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Optimism grows among US lenders

Are US bankers embracing the economic recovery? According to our latest quarterly survey of 200+ US risk officers, it certainly looks that way. This sentiment is in sharp contrast to the grim forecast expressed in our recent survey of European risk managers.

The US survey showed that risk managers expect loan delinquencies to drop and credit availability to expand (more on the latter in my next post). Not only were these results much more optimistic than last quarter’s, but fewer lenders in the latest survey expect delinquencies to rise on home, car and small business loans than at any time since we launched the survey two years ago.

The number of respondents expecting mortgage delinquencies to rise during the next six months was 12 percentage points lower than last quarter—dropping from 47 to 35%. The survey found 28% of respondents expect delinquencies on small business loans to increase, down 11 percentage points from last quarter. And 20% of respondents expect delinquencies on car loans to increase, down 13 percentage points.

With regard to credit cards, 32% of respondents expect delinquencies to increase. That is seven percentage points lower than last quarter, and it is the lowest figure since the second quarter of 2011.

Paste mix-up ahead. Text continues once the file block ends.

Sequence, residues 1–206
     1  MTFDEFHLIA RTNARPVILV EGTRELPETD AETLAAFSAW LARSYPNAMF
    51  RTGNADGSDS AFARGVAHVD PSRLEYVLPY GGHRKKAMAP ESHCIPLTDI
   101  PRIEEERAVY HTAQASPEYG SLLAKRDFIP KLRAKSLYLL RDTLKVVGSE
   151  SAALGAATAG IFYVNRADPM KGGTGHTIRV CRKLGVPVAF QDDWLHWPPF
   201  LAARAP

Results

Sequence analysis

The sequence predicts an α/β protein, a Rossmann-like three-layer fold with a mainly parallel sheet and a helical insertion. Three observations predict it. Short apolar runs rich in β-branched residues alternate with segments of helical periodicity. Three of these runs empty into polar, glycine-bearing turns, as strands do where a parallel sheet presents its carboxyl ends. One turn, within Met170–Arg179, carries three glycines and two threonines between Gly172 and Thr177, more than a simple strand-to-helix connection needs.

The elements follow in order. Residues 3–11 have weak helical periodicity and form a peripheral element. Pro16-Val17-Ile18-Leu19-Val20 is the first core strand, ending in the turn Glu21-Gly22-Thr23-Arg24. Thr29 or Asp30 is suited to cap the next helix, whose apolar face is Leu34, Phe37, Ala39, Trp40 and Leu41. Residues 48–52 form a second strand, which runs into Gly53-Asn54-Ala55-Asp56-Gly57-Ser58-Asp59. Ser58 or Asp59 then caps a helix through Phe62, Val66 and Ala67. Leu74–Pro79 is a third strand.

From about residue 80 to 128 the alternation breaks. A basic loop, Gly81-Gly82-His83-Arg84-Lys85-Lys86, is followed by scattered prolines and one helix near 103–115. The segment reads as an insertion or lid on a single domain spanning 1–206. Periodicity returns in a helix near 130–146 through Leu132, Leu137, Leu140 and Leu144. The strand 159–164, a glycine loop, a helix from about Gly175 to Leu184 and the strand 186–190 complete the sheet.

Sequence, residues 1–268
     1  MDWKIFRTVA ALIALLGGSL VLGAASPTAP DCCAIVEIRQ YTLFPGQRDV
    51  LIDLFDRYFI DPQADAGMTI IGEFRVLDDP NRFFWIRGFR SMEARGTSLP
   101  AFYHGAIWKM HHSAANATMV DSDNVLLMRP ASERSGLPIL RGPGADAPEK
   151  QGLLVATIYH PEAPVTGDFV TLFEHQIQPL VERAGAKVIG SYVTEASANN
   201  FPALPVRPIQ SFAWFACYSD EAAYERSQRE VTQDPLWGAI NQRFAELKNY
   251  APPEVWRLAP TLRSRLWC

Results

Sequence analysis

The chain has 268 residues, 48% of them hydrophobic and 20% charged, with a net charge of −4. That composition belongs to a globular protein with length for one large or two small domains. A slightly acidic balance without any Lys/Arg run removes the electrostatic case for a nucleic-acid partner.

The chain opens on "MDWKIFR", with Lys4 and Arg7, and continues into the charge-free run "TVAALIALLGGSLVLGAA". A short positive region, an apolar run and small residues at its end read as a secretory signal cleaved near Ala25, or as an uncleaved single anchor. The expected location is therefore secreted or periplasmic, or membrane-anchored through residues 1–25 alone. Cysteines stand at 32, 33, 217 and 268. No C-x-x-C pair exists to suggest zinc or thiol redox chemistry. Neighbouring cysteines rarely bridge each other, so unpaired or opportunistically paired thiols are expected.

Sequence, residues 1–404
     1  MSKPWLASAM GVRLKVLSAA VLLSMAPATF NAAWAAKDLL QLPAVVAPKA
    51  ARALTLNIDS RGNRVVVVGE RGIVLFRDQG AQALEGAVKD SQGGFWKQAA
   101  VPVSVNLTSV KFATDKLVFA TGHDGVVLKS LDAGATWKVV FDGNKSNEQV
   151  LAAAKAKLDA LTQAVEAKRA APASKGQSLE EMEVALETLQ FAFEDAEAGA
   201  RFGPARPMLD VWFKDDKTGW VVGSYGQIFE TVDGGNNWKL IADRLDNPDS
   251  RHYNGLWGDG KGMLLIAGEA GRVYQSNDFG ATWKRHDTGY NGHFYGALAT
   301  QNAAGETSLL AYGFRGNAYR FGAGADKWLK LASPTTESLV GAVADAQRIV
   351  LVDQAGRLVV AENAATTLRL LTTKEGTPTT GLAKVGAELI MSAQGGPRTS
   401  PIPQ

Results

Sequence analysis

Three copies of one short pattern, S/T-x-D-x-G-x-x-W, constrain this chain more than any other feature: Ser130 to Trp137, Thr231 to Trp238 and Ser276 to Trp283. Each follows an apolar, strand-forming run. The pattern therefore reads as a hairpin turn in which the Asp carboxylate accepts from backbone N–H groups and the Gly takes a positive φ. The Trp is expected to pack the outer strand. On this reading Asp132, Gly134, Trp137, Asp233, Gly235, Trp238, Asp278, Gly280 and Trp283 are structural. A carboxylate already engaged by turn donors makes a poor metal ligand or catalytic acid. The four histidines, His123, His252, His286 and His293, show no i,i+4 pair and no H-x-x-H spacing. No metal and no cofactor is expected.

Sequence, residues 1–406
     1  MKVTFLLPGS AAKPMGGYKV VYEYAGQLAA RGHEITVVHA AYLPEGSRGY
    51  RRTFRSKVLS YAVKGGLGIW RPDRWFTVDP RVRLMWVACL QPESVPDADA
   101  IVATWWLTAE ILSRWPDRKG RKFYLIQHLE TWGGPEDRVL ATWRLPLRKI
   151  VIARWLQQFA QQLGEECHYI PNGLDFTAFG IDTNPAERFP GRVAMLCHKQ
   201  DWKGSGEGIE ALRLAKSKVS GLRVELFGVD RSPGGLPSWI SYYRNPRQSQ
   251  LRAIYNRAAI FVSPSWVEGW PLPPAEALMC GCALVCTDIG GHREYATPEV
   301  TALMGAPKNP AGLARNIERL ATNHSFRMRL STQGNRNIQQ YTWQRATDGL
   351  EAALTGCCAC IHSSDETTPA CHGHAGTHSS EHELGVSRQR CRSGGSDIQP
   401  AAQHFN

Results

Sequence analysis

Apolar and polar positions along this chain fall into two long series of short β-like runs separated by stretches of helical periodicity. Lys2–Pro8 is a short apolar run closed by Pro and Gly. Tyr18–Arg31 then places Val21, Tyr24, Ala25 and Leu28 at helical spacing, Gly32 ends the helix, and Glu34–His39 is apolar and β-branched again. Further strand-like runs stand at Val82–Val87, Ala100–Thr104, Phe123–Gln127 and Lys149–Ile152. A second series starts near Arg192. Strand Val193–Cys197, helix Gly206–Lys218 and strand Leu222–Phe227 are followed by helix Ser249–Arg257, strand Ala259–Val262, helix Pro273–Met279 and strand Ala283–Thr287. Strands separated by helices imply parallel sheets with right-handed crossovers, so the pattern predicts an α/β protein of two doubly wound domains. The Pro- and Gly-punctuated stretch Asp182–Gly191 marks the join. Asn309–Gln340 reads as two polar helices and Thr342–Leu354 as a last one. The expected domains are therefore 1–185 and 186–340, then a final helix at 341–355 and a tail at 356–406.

As unemployment falls, even modestly, and four years of deleveraging begin to pay dividends, it looks like US lenders are feeling some optimism. We’re certainly not out of the woods— foreclosures are still a real concern, and jobs are coming back slowly. But if we can avoid major bumps in the road, such as a spillover effect from the Eurozone crisis, I have every reason to believe we’ll continue to see delinquencies drop.

One area that remains a concern is student lending, with 51% of survey respondents expecting delinquencies to rise. While it's 16 percentage points lower than last quarter, it is still the second-highest level recorded in our survey.

Get full survey results.

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